A national search for a new city manager has been postponed until Mayor-elect Darrell Steinberg takes office, leaving a popular City Hall insider to fill the job on an interim basis.
Assistant City Manager Howard Chan has accepted a seven-month offer to replace departing City Manager John Shirey.
The decision to go with Chan was made during a closed-session meeting of the City Council on Tuesday. The council will vote to approve the contract during next Tuesday’s meeting.
“Howard Chan has the confidence of the entire council,” Mayor Kevin Johnson said in a statement. “For the last 14 years, Howard has served this city with distinction, which is why it’s not surprising that we turned to him when we needed someone to step up. Howard’s appointment will assure that we have a seamless transition and continue the strong momentum we have as a city.”
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Steinberg said he is “in full support of the council’s decision.”
Steinberg unofficially participated in the months-long interviewing process, but the confidential nature of personnel matters largely kept him on the outside of a decision that will have a significant impact on his tenure. Hiring Chan as a temporary city manager allows Steinberg to steer the hiring process once he takes the mayor’s seat.
Steinberg said that despite being unsuccessful in finding a permanent hire, the recruitment process was useful and “definitely gave me a head start in my own thinking.” He added that he was unsure if he would immediately reopen the search when he takes office in December.
“I just came to the realization that … you have to be there to really be immersed in the job and understand the culture and understand the kind of individual that you want to partner with,” Steinberg said. “You can best do that once you’re actually on the job.”
Throughout the mayoral campaign and postelection, Steinberg has outlined an ambitious regionwide agenda that tackles economic development, homelessness and neighborhood services. Many of his ideas would require significant buy-in from the city manager, who runs the daily operations.
Chan will begin serving as interim city manager after Shirey departs on Nov. 18, less than a month before Steinberg takes office.
Chan said he will move forward with his own agenda to address personnel issues, prepare for budget discussions and spearhead a new diversity and gender equity initiative. He does not see himself as a placeholder without power.
“There will be times probably in the near future where I might have a difference of perspective on issues with particular council members,” he said. “I just trust that if I’m honest and communicate why I think we should go a certain direction that they will give me some consideration. There are nine different people and you’re not always going to have everybody on the same page, but I think if you’re thoughtful about it and we have open and honest communication, that’s a recipe for success.”
He added that he does not listen to the “noise” about Sacramento’s power structure but instead works to build consensus.
“Strong mayor, strong city manager, we are all on the same team,” said Chan. “You could have a strong mayor with the current form of government. It’s just how you establish those relationships and how you decide how things get done. If you are strict to the (city) charter, you can pull the document out every time you sit down to meet with someone. That’s a recipe for disaster. That’s not my style at all. If we can get to the point where we’re all going in the same direction, that’s a win no matter the form of government.”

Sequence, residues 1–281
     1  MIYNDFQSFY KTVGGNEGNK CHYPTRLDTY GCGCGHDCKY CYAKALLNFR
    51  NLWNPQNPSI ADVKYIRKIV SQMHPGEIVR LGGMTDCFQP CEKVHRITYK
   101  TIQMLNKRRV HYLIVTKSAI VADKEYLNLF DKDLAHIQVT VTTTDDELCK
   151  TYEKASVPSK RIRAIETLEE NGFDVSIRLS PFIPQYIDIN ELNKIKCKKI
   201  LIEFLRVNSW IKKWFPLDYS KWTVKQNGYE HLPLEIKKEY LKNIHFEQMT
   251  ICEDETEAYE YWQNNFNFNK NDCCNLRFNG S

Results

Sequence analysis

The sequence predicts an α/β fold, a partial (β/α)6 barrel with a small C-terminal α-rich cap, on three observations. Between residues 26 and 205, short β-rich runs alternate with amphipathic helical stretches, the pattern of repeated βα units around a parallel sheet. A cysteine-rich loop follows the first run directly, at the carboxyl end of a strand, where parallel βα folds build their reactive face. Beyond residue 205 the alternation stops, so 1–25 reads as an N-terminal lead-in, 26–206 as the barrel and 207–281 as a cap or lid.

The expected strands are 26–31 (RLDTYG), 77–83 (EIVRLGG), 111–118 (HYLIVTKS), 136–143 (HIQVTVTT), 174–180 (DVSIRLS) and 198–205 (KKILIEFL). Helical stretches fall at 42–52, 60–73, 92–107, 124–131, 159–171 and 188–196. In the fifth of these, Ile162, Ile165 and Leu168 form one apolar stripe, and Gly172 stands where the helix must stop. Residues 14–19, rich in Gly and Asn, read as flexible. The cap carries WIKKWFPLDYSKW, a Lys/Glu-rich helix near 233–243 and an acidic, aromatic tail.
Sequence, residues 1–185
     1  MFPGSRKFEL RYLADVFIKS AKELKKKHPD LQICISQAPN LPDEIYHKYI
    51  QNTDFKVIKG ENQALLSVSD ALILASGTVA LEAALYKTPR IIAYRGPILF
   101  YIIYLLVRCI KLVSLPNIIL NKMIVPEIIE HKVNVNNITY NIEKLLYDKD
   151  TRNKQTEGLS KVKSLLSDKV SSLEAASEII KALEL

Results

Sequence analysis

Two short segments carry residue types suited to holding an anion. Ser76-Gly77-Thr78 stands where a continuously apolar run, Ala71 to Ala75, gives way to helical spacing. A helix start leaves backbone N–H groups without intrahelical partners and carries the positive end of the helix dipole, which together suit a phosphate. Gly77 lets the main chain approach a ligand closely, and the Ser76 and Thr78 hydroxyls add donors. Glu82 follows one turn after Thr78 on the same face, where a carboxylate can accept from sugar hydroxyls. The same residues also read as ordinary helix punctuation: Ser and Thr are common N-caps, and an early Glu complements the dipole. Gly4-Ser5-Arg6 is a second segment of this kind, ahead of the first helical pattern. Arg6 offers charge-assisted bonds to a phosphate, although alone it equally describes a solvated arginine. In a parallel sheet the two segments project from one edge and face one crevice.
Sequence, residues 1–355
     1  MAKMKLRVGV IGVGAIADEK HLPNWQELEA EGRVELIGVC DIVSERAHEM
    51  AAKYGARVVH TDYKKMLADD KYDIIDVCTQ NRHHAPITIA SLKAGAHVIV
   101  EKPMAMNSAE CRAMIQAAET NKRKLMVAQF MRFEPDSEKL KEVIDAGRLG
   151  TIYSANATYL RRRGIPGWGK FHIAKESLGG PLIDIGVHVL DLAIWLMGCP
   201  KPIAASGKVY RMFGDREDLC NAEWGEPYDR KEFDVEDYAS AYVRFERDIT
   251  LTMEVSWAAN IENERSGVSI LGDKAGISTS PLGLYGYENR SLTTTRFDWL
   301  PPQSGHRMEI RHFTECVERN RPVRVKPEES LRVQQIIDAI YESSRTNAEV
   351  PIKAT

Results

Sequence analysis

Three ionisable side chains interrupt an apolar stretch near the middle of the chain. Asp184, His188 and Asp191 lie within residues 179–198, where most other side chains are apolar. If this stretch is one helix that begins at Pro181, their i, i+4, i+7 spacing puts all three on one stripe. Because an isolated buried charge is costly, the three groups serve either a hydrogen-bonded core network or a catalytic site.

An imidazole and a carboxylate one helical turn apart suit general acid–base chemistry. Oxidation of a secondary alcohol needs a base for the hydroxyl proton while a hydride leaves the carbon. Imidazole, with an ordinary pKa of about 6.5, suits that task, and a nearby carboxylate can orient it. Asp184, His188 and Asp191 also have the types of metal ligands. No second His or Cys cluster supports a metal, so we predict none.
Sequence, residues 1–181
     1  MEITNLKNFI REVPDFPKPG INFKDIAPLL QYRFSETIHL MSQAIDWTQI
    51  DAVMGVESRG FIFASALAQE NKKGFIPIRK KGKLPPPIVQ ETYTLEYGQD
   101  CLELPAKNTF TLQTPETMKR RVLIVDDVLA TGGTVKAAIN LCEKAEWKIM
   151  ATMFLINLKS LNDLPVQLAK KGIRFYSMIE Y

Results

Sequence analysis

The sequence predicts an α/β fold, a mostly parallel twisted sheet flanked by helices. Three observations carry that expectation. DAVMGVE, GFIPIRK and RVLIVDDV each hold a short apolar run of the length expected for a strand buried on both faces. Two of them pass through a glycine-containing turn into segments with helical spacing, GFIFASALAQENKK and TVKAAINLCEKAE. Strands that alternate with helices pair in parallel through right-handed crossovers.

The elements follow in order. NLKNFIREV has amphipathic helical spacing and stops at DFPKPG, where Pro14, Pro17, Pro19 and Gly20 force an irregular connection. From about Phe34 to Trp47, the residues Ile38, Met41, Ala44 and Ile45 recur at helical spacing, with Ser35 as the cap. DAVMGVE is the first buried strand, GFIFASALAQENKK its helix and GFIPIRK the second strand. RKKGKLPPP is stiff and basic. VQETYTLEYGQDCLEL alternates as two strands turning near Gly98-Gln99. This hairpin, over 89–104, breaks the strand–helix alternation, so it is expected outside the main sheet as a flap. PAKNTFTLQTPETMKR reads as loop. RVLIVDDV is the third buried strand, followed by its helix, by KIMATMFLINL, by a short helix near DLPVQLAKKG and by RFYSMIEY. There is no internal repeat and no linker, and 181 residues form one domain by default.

The City Council conducted a months-long extensive search for a permanent hire without luck. The city received nearly 80 résumés; of those, 10 candidates were interviewed and at least one received final consideration.
Search firm Ralph Andersen & Associates handled the process, charging the city about $30,000, according to Crystal Strait, chief of staff to Johnson.
But in the end, the council kept coming back to Chan, said Councilwoman Angelique Ashby.
“Everybody kept coming back to, ‘What about Howard?’ ” she said. “The timing and fit for Sacramento weren’t quite there (for other candidates) and at the same time sort of sitting on our bench is this diamond in the rough.”
Chan, 48, began with the city in 2002 as a parking manager and was promoted to assistant city manager in 2013. Prior to that, he worked for parking and transportation companies in the private sector.
Chan is the middle of three sons of Chinese immigrants. He grew up in San Francisco, where his mother cleaned hotel rooms and his father worked as a bartender at a popular Chinatown bar. He has two children, ages 12 and 14, and lives in Natomas.
By many accounts, he is well-respected by colleagues, council members and rank-and-file staff. He is described as straightforward, a problem-solver and someone with the ability to complete complex tasks.
“He is one of the staff members I turn to when I need something done,” said Councilman Rick Jennings in a statement. Jennings chaired the search committee.
“I trust Howard ... Howard will provide the leadership our employees and our community needs as the mayor-elect assumes office and we as the council evaluate our next steps,” he added.
Chan said that he expected the transition between himself and Shirey to be smooth. He said he considers Shirey a friend and mentor.
“He and I have a relationship like no other,” said Chan. “I am going to need John’s help and I know he is going to be there for me. I know it with certainty.”
Chan will receive a prorated annual salary of $262,627. Shirey, appointed in 2011, currently makes $268,423.